Belpedio and Brett Tatara. See Joint Stipulation of Facts Ex. 10, Belpedio Dep. 42:12-45:2, ECF
No. 79-10; Ex. 11, Tatara Dep. 21:1-6-23, 92:13-17, ECF No. 79-11 (“[W]e’re seeking
B. Is ZAIC entitled to contribution or subrogation from INA?
ZAIC brings this case seeking a remedy in equity. Equitable contribution is
a means of recovery which requires the insurers of a commonly insured loss to
prorate the loss in proportion to the amount of coverage available under their
respective policies. Federal Ins. Co. v. Gulf Ins. Co., 162 S.W.3d 160, 164 (Mo.
Ct. App. 2005). Through this standard of recovery, an insurer who pays more than
its share of the claim is able to recover the excess from the other insurer. Id.;
Heartland Payment Sys., LLC v. Utica Mut. Ins. Co., 185 S.W.3d 225, 232 (Mo.
Ct. App. 2006). Similarly, the doctrine of equitable subrogation is an equitable
remedy utilized to compel the payment of a debt by one who in justice, equity, and
good conscience should pay it. Street v. National Life Ins. Co., 347 S.W.2d 455,
459 (Mo. Ct. App. 1961).
According to the Missouri Supreme Court, subrogation exists to prevent
unjust enrichment. Keisker v. Farmer, 90 S.W.3d 71, 75 (Mo. 2002) (citing
Tucker v. Holder, 225 S.W.2d 123, 126 (Mo. 1949)). A claim for unjust
enrichment under Missouri law has three elements: 1) a benefit conferred by a
plaintiff on a defendant; 2) the defendant's appreciation of the fact of the benefit;
and 3) the acceptance and retention of the benefit by the defendant in
contribution from INA for the years that they don’t have exclusions, as well as the bare years
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circumstances that would render that retention inequitable. Hertz Corp. v. RAKS
Hospitality, Inc., 196 S.W.3d 536, 543 (Mo. Ct. App. 2006).
INA does not deny that this asbestos settlement falls within its policies’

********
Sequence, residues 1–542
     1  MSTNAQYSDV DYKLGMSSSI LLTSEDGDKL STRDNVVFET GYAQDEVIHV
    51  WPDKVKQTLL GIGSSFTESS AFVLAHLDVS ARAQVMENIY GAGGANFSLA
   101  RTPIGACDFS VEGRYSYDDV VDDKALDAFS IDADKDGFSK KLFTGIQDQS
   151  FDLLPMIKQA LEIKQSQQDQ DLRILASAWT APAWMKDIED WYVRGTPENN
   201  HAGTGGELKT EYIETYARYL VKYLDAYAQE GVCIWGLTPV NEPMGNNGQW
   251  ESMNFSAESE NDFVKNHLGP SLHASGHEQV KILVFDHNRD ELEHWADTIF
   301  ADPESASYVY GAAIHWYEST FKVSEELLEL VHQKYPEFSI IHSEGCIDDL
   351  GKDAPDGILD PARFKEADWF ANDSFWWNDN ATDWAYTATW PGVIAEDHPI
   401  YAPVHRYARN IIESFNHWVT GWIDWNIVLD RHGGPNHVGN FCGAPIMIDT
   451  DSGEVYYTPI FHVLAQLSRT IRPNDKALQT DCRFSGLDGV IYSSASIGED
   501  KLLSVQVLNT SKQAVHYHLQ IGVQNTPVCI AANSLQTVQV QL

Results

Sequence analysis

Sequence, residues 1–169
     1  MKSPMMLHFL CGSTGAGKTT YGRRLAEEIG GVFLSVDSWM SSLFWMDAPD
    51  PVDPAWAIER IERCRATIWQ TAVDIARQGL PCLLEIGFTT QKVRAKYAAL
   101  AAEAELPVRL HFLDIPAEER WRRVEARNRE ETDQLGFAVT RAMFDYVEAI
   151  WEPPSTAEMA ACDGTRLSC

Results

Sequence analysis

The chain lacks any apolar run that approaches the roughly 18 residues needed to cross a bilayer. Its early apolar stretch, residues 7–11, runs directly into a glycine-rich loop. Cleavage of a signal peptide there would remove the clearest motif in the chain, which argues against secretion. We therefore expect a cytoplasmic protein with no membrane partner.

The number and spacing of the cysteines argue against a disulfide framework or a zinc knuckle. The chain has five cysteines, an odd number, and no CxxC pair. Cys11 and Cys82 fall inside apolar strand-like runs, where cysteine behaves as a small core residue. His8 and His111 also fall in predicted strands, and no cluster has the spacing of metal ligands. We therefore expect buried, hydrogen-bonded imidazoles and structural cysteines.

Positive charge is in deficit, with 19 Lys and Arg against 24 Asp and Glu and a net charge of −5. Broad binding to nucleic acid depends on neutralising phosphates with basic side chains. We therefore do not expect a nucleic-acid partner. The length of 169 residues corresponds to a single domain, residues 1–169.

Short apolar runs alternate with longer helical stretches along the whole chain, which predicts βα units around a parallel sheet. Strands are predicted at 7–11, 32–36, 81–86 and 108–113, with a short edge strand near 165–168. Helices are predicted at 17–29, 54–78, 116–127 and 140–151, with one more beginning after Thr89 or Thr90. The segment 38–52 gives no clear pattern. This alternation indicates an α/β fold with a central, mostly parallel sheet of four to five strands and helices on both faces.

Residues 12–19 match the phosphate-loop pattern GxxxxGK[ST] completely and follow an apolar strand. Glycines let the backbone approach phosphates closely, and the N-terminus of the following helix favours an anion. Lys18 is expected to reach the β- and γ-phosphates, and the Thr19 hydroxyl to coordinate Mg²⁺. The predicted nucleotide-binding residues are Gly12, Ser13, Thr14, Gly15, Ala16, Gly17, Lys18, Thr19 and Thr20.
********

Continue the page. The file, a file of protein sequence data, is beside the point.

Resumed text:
coverage for personal injury liability, nor does it dispute the application of a pro
rata allocation of the settlement under Missouri law. In defense, INA argues that
(1) its policies do not pay damages within the deductibles and (2) the pollution
exclusion in the policies bars coverage.
ZAIC paid the underlying asbestos litigation settlement of $1.5 million and
incurred $79,298.12 in defense costs. The parties disagree on the number of years
over which the settlement should be allocated. ZAIC argues that the appropriate
pro rata allocation would be allocating half of the settlement and defense costs to
ZAIC for its nine years of coverage (July 1971 to July 1980) and the other half to
INA for its subsequent nine years of coverage (July 1980 to July 1989). This
would result in each insurer being responsible for approximately $789,649.
Spreading this amount over nine years of coverage would make INA responsible
for approximately $87,739 per year. Although INA agrees with a pro rata
allocation, it argues that the settlement should only be allocated over the fifteen
year period of 1971 to 1986 because in 1986 the INA deductible amount increased
to equal the policy limit amount, thereby making the policy self-insurance. An
allocation over fifteen years would equate to approximately $105,287 per year.
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The INA policy deductible amounts were $250,000 to $1 million per policy year.
Therefore, I need not decide if INA’s policies starting in 1986 were considered
self-insurance, because regardless of which number of allocation years is used,
both annual allocation amounts are less than the deductible.
In response, ZAIC relies on an INA policy deductible endorsement to argue
that INA should pay the allocation amount despite it being less than the deductible.
The INA policy deductible endorsement states: